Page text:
|Here is a school picture of Hipolito. Now he is 17.|
I don’t know if my great great great grandfather's mother was even at the dock in London when John Moerschall's ship sailed for New York, but I imagine that they were there...watching. Maybe he stood on the deck and waved just like Hipolito’s family stood watching for him to board the plane. No one talked. Even the little nieces and nephews knew something serious was happening, so they just clung to the skirts of their mothers or rested on their hips. When the plane took off in the air everyone waved and must have been thinking, "When will we ever see each other again?"
Was John Peter Moerschall’s mom also wondering that question? Did she feel like they had said the last spoken words they would ever say to each other?
When the plane was just a speck beyond the clouds, we gathered the children and headed back to the van. The tears flowed and flowed like we had been at a funeral, and in some ways, we had.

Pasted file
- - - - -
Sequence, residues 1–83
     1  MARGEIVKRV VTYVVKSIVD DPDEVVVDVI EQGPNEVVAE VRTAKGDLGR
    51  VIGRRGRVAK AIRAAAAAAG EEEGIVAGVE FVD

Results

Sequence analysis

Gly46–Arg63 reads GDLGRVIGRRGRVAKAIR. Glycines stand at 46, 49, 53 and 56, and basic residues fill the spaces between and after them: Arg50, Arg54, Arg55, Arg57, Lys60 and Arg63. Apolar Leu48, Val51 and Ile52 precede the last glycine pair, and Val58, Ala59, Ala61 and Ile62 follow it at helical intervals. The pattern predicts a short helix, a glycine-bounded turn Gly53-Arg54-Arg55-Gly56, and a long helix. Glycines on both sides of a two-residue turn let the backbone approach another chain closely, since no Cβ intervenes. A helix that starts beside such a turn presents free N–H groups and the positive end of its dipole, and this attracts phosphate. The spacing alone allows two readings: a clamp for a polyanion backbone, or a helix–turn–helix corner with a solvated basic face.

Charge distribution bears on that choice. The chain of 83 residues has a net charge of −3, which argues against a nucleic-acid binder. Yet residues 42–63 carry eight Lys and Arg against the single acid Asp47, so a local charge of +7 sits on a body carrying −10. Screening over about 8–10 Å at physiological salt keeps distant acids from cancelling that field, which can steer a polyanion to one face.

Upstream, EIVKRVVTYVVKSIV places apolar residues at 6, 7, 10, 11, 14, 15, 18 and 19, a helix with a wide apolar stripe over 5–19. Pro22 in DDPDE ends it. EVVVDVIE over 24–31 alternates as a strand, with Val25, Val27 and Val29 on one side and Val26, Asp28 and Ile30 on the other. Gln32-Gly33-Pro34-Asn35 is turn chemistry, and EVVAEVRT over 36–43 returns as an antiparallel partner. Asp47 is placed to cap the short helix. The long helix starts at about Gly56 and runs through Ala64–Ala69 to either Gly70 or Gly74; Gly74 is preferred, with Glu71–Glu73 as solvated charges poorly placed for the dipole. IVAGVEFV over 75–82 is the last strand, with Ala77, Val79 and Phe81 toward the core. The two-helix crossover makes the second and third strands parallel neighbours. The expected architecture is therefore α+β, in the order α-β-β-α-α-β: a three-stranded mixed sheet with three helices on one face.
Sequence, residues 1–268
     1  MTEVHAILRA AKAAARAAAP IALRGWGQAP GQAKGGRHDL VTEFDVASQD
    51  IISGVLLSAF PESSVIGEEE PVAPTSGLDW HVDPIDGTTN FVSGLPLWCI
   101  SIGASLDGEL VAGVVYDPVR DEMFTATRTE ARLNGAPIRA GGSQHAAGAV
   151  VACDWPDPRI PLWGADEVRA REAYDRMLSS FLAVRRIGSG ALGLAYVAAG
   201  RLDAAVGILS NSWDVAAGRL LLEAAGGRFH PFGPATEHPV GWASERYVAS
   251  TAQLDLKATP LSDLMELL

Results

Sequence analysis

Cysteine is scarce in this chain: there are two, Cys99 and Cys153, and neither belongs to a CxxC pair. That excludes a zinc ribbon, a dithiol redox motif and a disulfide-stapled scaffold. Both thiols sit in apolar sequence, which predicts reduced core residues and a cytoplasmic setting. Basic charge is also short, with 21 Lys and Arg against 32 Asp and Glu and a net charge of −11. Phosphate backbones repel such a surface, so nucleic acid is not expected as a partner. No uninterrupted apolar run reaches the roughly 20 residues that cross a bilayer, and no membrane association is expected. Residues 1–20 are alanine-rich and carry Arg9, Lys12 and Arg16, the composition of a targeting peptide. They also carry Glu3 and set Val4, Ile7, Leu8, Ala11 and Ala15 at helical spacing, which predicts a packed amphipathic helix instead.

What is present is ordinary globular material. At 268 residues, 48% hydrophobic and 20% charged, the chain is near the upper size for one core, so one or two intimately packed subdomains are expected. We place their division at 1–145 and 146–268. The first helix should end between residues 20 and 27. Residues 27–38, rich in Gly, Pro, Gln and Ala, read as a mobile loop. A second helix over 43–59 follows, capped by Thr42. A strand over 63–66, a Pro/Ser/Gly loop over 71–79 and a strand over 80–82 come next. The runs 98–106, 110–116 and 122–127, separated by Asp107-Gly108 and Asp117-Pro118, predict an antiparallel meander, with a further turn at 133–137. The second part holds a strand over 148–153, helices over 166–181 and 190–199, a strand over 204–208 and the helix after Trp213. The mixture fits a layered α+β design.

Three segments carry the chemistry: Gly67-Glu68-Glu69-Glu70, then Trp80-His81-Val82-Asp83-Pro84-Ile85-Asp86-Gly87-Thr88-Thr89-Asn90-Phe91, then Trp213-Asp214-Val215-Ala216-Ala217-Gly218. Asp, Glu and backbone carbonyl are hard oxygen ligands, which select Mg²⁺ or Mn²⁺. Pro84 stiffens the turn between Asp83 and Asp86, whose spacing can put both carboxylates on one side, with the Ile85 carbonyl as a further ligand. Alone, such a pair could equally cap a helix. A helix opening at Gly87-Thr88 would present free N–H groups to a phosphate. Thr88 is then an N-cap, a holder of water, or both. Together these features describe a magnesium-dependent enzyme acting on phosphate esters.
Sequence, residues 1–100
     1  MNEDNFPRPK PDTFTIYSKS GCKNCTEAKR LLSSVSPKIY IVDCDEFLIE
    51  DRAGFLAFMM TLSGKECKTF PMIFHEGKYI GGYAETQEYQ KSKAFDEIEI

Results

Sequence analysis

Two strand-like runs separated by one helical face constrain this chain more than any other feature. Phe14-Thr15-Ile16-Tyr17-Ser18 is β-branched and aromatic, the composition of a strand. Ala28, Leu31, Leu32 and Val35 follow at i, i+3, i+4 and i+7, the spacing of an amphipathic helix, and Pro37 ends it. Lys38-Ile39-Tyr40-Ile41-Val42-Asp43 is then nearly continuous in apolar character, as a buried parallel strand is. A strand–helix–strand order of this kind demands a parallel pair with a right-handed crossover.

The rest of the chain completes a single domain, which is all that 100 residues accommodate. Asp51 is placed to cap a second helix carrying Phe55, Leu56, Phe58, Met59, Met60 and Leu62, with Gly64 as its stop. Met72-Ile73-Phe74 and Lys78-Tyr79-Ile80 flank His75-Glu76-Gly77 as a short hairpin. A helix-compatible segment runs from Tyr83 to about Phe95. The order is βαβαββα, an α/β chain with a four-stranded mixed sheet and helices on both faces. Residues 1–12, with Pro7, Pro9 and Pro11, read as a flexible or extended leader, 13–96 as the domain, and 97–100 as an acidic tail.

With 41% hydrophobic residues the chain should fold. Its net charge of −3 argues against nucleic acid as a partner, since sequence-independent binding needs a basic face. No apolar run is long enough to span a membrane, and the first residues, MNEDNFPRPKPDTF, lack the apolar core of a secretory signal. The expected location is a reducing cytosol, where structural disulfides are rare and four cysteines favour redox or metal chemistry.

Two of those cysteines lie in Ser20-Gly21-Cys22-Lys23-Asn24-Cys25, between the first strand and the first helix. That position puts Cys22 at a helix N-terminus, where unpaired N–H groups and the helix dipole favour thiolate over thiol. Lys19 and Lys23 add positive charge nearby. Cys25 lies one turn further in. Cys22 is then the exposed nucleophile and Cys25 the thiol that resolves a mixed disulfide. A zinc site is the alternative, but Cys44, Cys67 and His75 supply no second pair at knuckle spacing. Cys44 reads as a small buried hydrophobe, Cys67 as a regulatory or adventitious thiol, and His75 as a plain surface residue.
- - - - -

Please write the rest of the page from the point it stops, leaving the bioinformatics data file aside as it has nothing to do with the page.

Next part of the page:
I suspect the experience was a little different for Hipoloito. Riding in a plane for the first time would have been exciting. The stewardess would have asked him if he wanted earphones while he was trying to figure out how to manipulate the little TV on the back of the seat in front of him. He probably wondered if he had to pay for the coke he was given for free, with ice, even. Maybe his thoughts lingered on the sad goodbyes but soon he would have been looking ahead to what it would be like in America. He would attend the Texas School for the Deaf in Austin. He would be surrounded by deaf people and high tech equipment. He would get to hug his deaf brother who immigrated 6 years ago. Their first hug in 6 years would last long and also be tear-filled.
What does Hipolito’s future hold? Lots of good things. We will miss him. We already do. But we know God will be with him, guiding him and beckoning Hipolito to make good choices.